North Korean satellite experiences problems in orbit
The North Korean Kwangmyŏngsŏng-4 satellite, which was launched into space last weekend on an Unha-3 rocket, has now been stabilized after initially “tumbling” in its orbit. Earlier reports had said that due to the difficulties, the spacecraft is incapable of functioning in any useful way. It is still unknown if the satellite is transmitting any data.
On Monday, a U.S. defense official told the media that Kwangmyŏngsŏng-4 was useless due to the aforementioned issues. The source noted that this situation is similar to the previous North Korean launch in December of 2012, when the country also failed to successfully deliver a satellite into its targeted orbit.
However, the latest reports indicate that, despite initial problems, the satellite is now stabilized and has achieved its orbit. A U.S. official told Fox News that the satellite is now stable in orbit, while South Korean news agency Yonhap reveals that the spacecraft has achieved the targeted orbit. It is still unclear if Kwangmyŏngsŏng-4 is operating as intended.
The satellite was launched atop an Unha-3 rocket at 9:00 a.m. local time on Sunday, Feb. 7 (00:30 GMT; 7:30 p.m. EST on Saturday, Feb. 6), from the Sohae Space Center in Cholsan County, North Phyongan Province.
North Korea insists that the mission’s task was to put an Earth-observation spacecraft into orbit, but Western countries believe it was a test of a banned missile capable of hitting the U.S. The Korean Central Television (KCTV), which is the only official source of television news in the isolated nation, stated that the launch is “legitimately exercising the right to use space for independent and peaceful purposes”. A 2006 UN resolution bans North Korea from carrying out nuclear tests or the launching of ballistic missiles.
According to information from U.S. Strategic Command, the Unha-3 rocket, after a short vertical ascent, started heading South over the Yellow Sea. South Korean and Chinese media report that the first stage of the rocket disintegrated into around 270 fragments and fell onto the western waters of South Korea about seven minutes into the flight.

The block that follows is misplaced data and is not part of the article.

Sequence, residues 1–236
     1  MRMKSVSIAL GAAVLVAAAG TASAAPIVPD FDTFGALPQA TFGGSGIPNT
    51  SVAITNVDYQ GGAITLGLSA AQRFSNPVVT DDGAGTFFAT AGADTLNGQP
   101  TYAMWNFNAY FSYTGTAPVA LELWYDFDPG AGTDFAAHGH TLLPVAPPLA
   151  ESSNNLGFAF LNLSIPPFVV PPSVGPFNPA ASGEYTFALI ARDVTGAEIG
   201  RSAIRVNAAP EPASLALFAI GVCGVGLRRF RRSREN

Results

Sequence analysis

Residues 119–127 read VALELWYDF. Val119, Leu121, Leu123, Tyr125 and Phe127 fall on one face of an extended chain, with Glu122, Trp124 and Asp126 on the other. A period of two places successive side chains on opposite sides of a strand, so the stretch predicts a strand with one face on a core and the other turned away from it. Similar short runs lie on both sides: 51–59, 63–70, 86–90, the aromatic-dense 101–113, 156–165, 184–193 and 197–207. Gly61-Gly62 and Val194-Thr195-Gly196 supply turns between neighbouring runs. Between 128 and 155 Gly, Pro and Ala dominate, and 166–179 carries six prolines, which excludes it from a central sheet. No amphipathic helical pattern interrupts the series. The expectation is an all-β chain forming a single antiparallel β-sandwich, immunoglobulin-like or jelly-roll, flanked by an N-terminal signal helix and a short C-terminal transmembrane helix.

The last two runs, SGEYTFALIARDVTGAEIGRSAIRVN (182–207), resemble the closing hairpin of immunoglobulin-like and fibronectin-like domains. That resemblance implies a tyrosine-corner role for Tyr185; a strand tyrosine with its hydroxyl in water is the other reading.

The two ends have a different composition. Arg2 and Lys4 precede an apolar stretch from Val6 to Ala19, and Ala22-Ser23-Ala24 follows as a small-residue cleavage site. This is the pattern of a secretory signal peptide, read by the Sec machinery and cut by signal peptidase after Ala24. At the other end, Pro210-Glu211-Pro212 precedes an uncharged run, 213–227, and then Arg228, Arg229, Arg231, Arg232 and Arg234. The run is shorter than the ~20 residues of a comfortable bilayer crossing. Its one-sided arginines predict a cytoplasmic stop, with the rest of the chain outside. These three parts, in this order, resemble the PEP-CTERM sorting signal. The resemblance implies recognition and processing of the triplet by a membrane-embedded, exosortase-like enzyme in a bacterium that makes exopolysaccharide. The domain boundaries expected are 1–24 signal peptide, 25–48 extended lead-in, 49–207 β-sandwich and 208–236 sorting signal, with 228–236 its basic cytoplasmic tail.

“The two objects U.S. Strategic Command’s Joint Functional Component Command for Space, through its Joint Space Operations Center, tracked following the launch of a North Korean missile into space – NORAD catalog identification numbers 41332 and 41333 – have been added to USSTRATCOM’s satellite catalog on the publicly-available website Space-Track.org,” U.S. Strategic Command said in a statement.
The U.N. Security Council strongly condemned the flight, saying any launch using ballistic missile technology contributes to the North’s nuclear weapons delivery system. Meanwhile, U.S. lawmakers called for stronger sanctions on the communist country underlining that the launch was carried out just a month after the nation had conducted its fourth nuclear test. South Korean President Park Geun-hye called an emergency meeting of the National Security Council to discuss countermeasures.
Tomasz Nowakowski is the owner of Astro Watch, one of the premier astronomy and science-related blogs on the internet. Nowakowski reached out to SpaceFlight Insider in an effort to have the two space-related websites collaborate. Nowakowski's generous offer was gratefully received with the two organizations now working to better relay important developments as they pertain to space exploration.
Tomasz Nowakowski, thank you for your excellent space reporting. Your articles are well written and contain technical information rarely found in space news reporting. I especially enjoy detail you include on the launch phases of these missions.
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